Law (Jurisprudence) at Oxford
About the Course
The University of Oxford offers an undergraduate course in Law (Jurisprudence). There are two Law courses at the university. The duration of Course I is a three-year and Course II is a five-year course that follows the same syllabus along with extra year being spent abroad following a prescribed degree course at Oxford within the European Union.
The aim of the Law degree course is to develop students' skills such as presentation and analysis. Students are expected to read a good deal, especially, from primary sources such as statutes and cases. Students are expected to think hard about what they have read in order to develop views about what the law is, whether it should be so, how it might be different, drawing on historical, social, economic, philosophical and other ideas. Students are asked to prepare presentations and essays for discussion in classes and tutorials.
The Oxford syllabus includes topics chosen for their intellectual interest rather than for the frequency with which they come up in practice. The skills of presentation, researching and thinking are enhanced by the Oxford courses. These courses are highly suited to practical application and many employers recognize this.
Furthermore, these skills can be applied outside the law as within it. Most probably, Oxford is the only leading law school in the world where the major means by which teaching is done. Teaching at the university comprises group discussion. Students are given through understanding of the subject.
The university has a well-equipped library. The Bodleian Law Library has an ample array of over 4, 00, 000 law-related items. It is one of the largest libraries in the UK. It is conveniently situated in the same building as the lecture rooms, Law Faculty and St. Cross Building. Colleges also have a fine collection of law books. Students spend their time in these libraries to enhance their knowledge.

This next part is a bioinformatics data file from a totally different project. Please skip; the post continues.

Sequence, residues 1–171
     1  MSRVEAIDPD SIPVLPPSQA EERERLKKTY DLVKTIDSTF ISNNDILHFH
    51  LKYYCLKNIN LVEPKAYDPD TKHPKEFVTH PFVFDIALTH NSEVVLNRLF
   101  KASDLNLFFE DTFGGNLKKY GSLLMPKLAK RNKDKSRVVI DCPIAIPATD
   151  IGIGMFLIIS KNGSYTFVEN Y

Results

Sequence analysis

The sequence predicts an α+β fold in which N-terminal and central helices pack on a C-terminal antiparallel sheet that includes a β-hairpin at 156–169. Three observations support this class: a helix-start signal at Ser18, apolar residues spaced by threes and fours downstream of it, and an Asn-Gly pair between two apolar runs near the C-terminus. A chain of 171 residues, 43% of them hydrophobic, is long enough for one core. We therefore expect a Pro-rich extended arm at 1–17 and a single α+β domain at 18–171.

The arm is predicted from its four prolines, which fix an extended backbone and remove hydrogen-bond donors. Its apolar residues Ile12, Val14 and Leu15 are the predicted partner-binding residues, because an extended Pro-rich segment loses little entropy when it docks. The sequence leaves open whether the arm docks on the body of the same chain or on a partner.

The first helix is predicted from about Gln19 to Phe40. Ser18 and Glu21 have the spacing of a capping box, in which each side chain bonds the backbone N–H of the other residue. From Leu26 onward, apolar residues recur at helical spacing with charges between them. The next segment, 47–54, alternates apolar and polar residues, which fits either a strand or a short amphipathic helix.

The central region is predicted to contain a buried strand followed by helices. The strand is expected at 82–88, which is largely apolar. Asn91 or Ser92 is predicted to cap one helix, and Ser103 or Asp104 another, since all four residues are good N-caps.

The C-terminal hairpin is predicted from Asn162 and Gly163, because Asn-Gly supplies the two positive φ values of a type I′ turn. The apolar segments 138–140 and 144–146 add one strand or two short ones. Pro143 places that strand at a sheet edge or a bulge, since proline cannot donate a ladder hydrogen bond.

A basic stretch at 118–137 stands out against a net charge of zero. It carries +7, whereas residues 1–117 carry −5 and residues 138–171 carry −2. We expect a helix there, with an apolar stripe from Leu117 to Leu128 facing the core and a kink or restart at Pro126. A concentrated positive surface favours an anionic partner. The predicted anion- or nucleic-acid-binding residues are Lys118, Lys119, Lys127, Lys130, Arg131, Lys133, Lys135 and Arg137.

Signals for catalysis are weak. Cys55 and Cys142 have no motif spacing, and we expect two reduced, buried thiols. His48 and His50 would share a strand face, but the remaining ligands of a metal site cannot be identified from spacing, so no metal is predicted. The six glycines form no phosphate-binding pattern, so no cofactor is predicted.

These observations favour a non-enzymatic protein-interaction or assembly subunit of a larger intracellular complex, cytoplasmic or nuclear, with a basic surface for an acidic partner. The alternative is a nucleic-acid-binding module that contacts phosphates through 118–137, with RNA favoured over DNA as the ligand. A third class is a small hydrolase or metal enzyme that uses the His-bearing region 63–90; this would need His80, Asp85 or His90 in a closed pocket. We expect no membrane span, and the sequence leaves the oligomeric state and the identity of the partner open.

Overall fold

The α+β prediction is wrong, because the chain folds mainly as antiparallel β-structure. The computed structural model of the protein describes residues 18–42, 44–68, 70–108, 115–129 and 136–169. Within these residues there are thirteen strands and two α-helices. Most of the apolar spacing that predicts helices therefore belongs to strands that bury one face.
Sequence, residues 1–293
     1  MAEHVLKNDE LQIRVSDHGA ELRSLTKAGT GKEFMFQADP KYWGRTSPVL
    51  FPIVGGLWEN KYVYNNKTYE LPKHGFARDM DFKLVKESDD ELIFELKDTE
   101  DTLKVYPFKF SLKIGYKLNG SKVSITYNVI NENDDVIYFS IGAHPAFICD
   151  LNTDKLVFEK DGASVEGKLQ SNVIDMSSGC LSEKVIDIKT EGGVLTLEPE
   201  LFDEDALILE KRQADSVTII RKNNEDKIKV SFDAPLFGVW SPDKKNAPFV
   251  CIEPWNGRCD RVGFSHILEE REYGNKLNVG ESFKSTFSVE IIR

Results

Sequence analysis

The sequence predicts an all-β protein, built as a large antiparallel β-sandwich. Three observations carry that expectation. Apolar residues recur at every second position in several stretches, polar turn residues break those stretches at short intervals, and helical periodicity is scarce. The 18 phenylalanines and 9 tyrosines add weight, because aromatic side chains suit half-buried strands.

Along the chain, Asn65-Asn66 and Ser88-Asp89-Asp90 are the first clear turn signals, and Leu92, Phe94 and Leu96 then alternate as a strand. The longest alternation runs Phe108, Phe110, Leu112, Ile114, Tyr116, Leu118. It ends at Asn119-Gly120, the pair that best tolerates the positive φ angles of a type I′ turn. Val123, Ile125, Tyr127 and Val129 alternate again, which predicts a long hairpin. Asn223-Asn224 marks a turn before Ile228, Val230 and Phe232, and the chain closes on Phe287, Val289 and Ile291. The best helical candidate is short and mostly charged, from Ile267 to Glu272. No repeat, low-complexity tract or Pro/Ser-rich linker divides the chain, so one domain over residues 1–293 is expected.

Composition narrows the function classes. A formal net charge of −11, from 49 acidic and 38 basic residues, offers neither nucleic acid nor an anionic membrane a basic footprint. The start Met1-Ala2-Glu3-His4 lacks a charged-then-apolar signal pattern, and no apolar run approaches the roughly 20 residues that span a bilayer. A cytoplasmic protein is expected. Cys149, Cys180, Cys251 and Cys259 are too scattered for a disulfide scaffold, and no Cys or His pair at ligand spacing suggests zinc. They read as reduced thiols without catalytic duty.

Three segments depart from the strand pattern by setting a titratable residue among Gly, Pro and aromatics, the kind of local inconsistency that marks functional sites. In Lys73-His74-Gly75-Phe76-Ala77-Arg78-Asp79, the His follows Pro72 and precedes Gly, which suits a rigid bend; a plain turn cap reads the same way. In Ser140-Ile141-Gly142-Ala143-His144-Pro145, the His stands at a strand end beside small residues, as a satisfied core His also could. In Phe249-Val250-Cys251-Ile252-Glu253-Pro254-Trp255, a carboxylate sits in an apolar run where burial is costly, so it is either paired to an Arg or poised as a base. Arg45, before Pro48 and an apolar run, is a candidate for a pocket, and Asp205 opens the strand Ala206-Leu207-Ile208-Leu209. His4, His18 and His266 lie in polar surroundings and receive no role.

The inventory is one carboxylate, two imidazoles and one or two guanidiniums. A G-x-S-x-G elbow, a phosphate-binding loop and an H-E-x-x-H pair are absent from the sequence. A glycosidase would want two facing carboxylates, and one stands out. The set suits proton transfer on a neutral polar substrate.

Course II students have to spend their third year of study at a university in Germany, France, Spain or Italy (studying German, French, Spanish or Italian) or the Netherlands (studying International and European law). Students are advised to see the faculty website for further details about Course II and the admissions arrangements.
- A-levels: AAA
- Advanced Highers: AA or AAB plus an additional Higher at grade A
- IB: 39 comprising core points (with minimum 7,6,6 at HL)
- Or any other equivalent
Candidates are expected to have minimum a 'C' grade in GCSE mathematics or any other evidence to demonstrate that they are appropriately numerate. Besides this, the choice of subject is up to students.
There is no specific advantage or disadvantage to studying law before candidates apply. Candidates applying for law with law studies in Europe are expected to have the related modern language to A-level, higher level or advanced higher in the IB or any academic equivalent. Nevertheless, if candidates desire to spend their third year of study in the Netherlands (studying international and European law) then a modern language is not required since the course is taught in English.